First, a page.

As you might imagine, skydiving is incredible. But relative to other sports, it doesn’t last very long!
One of the most common questions by first timers is how long is their skydive going to last?
The answer is that it mainly depends on your altitude. As well as some other factors.
In short, a skydive from 10,000 feet typically lasts around 35 seconds. A skydive from 14,000 feet lasts up to 55 seconds. Generally, a skydive lasts for 10 seconds for the first 1,000 feet, then 5 seconds for each 1,000 feet afterwards – until we pull the chute at 4,000 feet.
To help illustrate this, I’ve put a quick table below:
|Skydive Height (ft)||Fall Distance (ft)||Skydive Time (Seconds)|
Skydive times assuming you pull your parachute at 4,000ft.
Fall time = (FallDistance)/1000*5+5
That said, there’s a bit more to it than that.
Below I’ve covered all the different factors that affect your skydive time. Interested? Then let’s dive in.
How Long Does A Skydive Take: From Waking to Landing
Before I get started on the actual skydiving speeds and jump times, I know some people are curious about how long their experience will last on the day.
The most common “skydiving experience” is a tandem jump. These are relatively quick, and don’t need much training. You’ll typically get a slot ‘booked in’ on the day. After you turn up, there’ll be a little admin time (filling in forms), a quick training brief, and then some sitting around – waiting on the plane.
The skydive itself takes around a half hour by the time you get to altitude, gloriously fly through the sky, glide under parachute, land, and walk back to the drop zone.
All in all, I’d give yourself at least a good 3 hours from turning up to the airfield.
However – do bear in mind the weather! Delays due to clouds, wind, or rain can mean you might be there much longer, or even need to come back. (Skydiving is a very weather-dependent sport).
The different between a first time tandem and a first time solo is in training.
Before you’re allowed to hurl yourself out of a plane, you need significant ground training. Not only to cover skydiving and piloting a canopy, but also basic air rules and flight paths for landing.
Expect around a full day’s worth of training for start to finish if you’re going solo skydiving. It may be a case of training one day, then becoming a fully-fledged skydiver on the next.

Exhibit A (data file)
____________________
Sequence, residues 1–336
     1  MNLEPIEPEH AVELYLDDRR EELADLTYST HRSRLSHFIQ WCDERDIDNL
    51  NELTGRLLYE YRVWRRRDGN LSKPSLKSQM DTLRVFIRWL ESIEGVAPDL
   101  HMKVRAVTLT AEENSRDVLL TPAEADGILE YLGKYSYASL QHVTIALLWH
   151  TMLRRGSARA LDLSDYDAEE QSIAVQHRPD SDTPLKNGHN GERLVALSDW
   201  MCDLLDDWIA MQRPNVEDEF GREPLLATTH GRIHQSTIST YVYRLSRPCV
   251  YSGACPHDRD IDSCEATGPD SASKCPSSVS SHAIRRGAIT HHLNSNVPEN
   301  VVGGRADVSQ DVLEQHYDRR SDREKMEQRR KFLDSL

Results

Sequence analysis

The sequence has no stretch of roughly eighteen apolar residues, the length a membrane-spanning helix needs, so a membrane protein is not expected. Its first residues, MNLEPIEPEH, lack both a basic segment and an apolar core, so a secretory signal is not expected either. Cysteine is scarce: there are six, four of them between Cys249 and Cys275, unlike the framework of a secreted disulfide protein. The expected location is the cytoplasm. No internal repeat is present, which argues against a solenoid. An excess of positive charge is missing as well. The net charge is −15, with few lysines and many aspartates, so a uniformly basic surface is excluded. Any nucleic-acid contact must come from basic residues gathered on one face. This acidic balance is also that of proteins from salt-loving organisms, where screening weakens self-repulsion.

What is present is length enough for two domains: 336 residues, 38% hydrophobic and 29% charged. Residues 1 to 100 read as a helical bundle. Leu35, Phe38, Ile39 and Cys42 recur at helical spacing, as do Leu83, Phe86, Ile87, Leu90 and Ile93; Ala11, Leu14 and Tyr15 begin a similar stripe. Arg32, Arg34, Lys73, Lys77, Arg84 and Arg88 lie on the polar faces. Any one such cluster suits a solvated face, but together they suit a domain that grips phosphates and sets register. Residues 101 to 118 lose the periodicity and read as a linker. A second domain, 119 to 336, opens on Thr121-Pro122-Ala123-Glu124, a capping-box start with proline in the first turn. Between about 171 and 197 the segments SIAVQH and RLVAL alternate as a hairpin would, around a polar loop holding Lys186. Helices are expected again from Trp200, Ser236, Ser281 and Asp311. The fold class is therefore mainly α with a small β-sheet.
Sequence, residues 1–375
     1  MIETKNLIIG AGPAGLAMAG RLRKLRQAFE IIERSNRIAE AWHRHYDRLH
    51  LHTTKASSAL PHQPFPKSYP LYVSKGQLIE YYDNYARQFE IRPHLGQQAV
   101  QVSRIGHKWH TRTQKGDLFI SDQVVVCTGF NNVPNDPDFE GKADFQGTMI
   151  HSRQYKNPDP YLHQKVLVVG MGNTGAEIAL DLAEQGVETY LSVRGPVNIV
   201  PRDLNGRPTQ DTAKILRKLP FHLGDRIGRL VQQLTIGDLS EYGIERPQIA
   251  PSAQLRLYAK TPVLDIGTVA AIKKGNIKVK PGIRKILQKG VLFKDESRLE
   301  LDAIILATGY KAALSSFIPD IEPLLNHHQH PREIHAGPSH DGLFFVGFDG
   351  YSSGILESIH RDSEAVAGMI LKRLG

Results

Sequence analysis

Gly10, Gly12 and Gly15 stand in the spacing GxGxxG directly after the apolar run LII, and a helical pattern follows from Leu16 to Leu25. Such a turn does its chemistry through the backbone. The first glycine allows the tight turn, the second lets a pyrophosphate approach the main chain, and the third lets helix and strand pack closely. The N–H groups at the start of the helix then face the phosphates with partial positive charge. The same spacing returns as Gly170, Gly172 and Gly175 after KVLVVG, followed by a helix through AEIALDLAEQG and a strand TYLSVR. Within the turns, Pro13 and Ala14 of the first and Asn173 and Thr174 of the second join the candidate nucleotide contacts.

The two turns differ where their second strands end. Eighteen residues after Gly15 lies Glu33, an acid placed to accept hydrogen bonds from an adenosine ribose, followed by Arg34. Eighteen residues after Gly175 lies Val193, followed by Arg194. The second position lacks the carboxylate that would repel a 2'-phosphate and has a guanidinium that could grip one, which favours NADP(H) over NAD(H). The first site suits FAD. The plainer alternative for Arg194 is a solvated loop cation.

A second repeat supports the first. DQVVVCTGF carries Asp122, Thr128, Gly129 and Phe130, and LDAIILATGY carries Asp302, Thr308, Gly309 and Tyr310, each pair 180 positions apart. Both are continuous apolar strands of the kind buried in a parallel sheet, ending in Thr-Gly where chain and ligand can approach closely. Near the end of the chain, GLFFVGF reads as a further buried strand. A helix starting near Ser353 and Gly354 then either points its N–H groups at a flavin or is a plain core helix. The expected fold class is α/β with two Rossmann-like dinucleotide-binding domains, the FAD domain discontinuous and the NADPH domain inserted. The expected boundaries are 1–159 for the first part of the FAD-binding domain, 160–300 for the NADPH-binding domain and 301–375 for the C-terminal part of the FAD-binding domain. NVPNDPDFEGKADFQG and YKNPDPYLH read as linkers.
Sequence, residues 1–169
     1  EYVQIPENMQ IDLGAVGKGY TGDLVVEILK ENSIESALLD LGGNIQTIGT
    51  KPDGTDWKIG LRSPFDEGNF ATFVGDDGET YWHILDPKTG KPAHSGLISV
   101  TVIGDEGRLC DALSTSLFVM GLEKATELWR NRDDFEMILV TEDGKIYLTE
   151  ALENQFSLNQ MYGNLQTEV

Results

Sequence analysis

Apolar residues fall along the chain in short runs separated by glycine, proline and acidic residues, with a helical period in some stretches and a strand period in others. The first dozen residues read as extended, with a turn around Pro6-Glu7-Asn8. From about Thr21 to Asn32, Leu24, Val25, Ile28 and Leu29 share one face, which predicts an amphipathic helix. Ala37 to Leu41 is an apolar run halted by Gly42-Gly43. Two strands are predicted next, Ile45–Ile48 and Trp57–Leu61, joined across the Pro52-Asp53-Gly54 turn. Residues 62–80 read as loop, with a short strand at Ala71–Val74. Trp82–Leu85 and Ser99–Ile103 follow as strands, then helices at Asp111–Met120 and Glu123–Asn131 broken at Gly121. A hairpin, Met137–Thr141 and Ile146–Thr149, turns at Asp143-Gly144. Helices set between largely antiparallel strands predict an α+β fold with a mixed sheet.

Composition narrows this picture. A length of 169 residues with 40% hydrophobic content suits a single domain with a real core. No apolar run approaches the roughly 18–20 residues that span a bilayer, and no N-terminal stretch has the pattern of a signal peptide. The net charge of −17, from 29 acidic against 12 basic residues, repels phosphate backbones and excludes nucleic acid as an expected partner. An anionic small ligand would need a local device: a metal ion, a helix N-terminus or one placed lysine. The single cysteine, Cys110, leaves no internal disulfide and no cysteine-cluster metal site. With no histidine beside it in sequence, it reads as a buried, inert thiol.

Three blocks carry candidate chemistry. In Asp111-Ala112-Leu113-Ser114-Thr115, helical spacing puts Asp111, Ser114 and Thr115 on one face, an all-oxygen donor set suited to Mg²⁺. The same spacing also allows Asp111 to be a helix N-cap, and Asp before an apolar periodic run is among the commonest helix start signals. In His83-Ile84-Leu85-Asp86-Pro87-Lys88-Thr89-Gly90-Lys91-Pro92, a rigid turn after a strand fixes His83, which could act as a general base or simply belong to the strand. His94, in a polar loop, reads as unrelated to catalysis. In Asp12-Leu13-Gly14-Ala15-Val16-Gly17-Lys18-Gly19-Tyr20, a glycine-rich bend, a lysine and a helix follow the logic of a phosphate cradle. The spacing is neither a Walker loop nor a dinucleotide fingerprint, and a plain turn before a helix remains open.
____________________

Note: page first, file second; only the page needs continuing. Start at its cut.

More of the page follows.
Understanding Fall Speed
If we really want to understand how long our skydive lasts, we need to understand what affects the speed we fall at. Obviously your skydive time is most influenced by the altitude you jump at, but some jumpers do fall quicker than others!
First, I just want to explain the table in the intro.
For a basic skydive, we estimate that you get 10 seconds of freefall for the first 1,000 feet (as you speed up), then 5 seconds of freefall for every thousand feet below that (once falling at terminal velocity; 120mph).
So to estimate your skydive time:
- Take your fall distance (jump altitude – parachute altitude)
- Divide it by 1,000
- Multiply by 5 seconds (for every 1,000ft)
- Add the initial 5 seconds (speeding up in first 1,000ft)
The Falling Equation
Okay, let’s touch on the real fall speed. Now, I’m not planning on whipping out a scientific calculator and estimating your fall speed to the 100th of a second, but looking at this equation does help explain what’s happening when you fall.
The equation for your terminal velocity (or maximum fall speed) is:
- m is the mass of the falling object (aka you!)
- g is the acceleration due to gravity (9.8 m/s2 or 32.2ft/s2)
- Cd is the drag coefficient (~0.7 for head down position, ~1 for belly-to-earth position)
- ρ is the density of the fluid through which the object is falling (air is thinner higher up, so less dense)